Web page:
ANCOVA: 

Analysis of covariance

ASA: 

American Society of Anesthesiologists

BMI: 

Body mass index

eCRF: 

Electronic case report form

EHS: 

European Hernia Society

EQ5D-5 L: 

Euro Quality of Life-5D-5 L

EuraHS-QoL: 

EuraHS Quality of Life

MCQ: 

Medical cost questionnaire

MEC-U: 

Medical Research Ethics Committees United

MMC: 

Maxima Medical Center

MRI: 

Magnetic resonance imaging

NRS: 

Numeric rating scale

NTR: 

Netherlands Trial Register

OLVG: 

Onze Lieve Vrouwe Gasthuis

PCQ: 

Productivity cost questionnaire

QALY: 

Quality-adjusted life year

RKZ: 

Rode Kruis Ziekenhuis

TEP: 

Totally extraperitoneal

Declarations

Acknowledgements

This manuscript is published on behalf of all members of the EFFECT study group; Marleen M Roos (Diakonessenhuis Utrecht/Zeist, the Netherlands), Coen V van Hessen (Diakonessenhuis Utrecht/Zeist, The Netherlands), Wouter J Bakker ((Diakonessenhuis Utrecht/Zeist, The Netherlands), Egbert Jan MM Verleisdonk ((Diakonessenhuis Utrecht/Zeist, The Netherlands), Floris BM Sanders (Diakonessenhuis Utrecht/Zeist, The Netherlands), Ine PJ Burgmans (Diakonessenhuis Utrecht/Zeist, The Netherlands), Rogier KJ Simmermacher (University Medical Center Utrecht, The Netherlands), Arno W Hoes (University Medical Center Utrecht, The Netherlands), Rebecca K Stellato (University Medical Center Utrecht, The Netherlands), Geert W Frederix (University Medical Center Utrecht, The Netherlands), Henk F van Stel (University Medical Center Utrecht, The Netherlands), Andre de Vries (Academic Medical Center Amsterdam, The Netherlands), Maarten P Simons (Onze Lieve Vrouwe Gasthuis, Amsterdam, The Netherlands), Paul M Verheijen (Meander Medical Center, Amersfoort, The Netherlands), Caroline ME Contant (Maasstad Hospital Rotterdam, The Netherlands), Johannes A Wegdam (Elkerliek Hospital,Helmond, The Netherlands), Gerrit D Slooter (Maxima Medical Center Veldhoven), Huib A Cense (Rode Kruis Hospital Beverwijk, The Netherlands), Frank WH Kloppenberg (Bethesda Hospital, Hoogeveen, The Netherlands).

Funding

This study is (co-)funded by a health efficiency grant of The Netherlands Organization for Health Research and Development (ZonMw) Cost-effectiveness program (grant number 843004118).

Availability of data and materials

The datasets analyzed during the current study are available from the corresponding author on reasonable request.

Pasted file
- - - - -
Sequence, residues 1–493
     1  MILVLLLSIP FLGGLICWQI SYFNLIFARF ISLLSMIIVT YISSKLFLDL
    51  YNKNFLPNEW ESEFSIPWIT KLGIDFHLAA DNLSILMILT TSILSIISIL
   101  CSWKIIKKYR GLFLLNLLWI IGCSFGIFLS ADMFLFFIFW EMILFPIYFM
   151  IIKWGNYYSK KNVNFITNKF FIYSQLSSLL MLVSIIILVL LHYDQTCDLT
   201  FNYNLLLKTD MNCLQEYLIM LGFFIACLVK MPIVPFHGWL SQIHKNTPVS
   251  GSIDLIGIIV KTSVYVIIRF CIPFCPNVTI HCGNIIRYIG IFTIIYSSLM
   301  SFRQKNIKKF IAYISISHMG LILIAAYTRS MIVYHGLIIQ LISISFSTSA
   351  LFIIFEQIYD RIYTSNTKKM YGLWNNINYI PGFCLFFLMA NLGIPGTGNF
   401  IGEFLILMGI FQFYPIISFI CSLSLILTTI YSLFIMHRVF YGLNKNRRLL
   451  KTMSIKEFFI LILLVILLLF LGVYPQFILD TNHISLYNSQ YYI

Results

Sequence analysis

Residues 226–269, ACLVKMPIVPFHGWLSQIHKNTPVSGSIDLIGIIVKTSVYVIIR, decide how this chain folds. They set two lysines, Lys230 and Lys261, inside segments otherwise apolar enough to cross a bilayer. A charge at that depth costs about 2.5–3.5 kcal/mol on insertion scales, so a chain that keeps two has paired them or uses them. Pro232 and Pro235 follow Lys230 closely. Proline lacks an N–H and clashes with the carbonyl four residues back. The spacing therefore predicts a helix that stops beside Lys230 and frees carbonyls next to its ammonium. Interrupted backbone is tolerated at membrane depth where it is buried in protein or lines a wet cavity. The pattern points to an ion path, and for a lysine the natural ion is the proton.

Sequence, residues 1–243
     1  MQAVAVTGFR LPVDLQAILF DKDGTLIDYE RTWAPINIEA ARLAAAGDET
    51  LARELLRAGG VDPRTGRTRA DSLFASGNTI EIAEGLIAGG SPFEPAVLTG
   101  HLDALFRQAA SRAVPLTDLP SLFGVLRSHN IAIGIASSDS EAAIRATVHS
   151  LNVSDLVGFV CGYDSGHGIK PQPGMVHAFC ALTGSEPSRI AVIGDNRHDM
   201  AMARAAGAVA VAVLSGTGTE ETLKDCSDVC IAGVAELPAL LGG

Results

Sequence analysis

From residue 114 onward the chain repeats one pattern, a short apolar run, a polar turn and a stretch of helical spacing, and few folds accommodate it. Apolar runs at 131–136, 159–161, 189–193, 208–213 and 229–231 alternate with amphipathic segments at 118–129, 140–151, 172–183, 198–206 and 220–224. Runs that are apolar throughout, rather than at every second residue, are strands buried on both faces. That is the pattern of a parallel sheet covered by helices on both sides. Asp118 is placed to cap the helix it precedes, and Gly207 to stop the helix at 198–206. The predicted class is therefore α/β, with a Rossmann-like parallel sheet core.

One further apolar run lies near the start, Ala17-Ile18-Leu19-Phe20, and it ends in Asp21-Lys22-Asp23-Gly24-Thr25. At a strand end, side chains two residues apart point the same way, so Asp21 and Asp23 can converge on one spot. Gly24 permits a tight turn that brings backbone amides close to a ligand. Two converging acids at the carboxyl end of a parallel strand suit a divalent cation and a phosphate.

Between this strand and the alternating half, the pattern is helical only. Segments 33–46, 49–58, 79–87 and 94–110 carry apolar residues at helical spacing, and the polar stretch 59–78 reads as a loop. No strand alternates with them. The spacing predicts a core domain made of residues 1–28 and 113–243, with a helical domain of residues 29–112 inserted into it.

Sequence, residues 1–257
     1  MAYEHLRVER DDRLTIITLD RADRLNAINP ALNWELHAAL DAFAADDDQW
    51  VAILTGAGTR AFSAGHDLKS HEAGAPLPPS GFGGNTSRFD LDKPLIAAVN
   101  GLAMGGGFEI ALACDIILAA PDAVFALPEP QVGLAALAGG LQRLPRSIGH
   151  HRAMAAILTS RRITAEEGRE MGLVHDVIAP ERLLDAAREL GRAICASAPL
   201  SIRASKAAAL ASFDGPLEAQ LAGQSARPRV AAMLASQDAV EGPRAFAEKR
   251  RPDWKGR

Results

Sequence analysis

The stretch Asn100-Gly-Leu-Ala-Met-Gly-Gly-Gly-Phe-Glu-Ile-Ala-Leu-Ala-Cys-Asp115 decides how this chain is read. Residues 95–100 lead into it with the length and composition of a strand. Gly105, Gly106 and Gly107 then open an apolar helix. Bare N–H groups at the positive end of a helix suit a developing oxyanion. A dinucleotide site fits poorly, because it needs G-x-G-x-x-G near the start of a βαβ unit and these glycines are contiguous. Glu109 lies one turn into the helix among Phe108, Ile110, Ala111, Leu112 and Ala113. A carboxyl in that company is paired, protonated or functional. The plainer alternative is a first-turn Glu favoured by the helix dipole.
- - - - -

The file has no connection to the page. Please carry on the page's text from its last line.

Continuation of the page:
Authors’ contributions

MR contributed to concept and design of the study, acquisition of data, drafting of the manuscript, and critical revision of the manuscript. EV contributed to concept and design of the study, and critical revision of the manuscript. FS contributed to concept and design of the study, and critical revision of the manuscript. AH contributed to concept and design of the study, and critical revision of the manuscript. RS contributed to concept and design of the study, and critical revision of the manuscript. GF contributed to concept and design of the study, and critical revision of the manuscript. RS contributed to concept and design of the study, and critical revision of the manuscript. JB contributed to concept and design of the study, drafting of the manuscript, and critical revision of the manuscript. All authors read and approved the final manuscript.

Ethics approval and consent to participate

The independent Medical Ethics committee of the Diakonessenhuis Utrecht approved the trial protocol (NL61730.100.17) and the study is registered in the Netherlands Trial Registry (www.trialregister.nl, NTR6835, http://www.trialregister.nl/trialreg/admin/rctview.asp?TC=6835). Informed consent will be obtained from all participants by the study coordinator.

Competing interests

This study is (co-)funded by a health efficiency grant of The Netherlands Organization for Health Research and Development (ZonMw) Cost-effectiveness program (grant number 843004118). The authors declare that they have no competing interests.

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Authors’ Affiliations

(1)
Department of Surgery/Hernia Clinic, Diakonessenhuis, Utrecht/Zeist, The Netherlands
(2)
Department of Radiology, Diakonessenhuis, Utrecht/Zeist, The Netherlands
(3)
Julius Center for Health Sciences and Primary Care, University Medical Centre Utrecht, Utrecht, The Netherlands
(4)
Department of Surgery, University Medical Centre Utrecht, Utrecht, The Netherlands

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Copyright

© The Author(s). 2018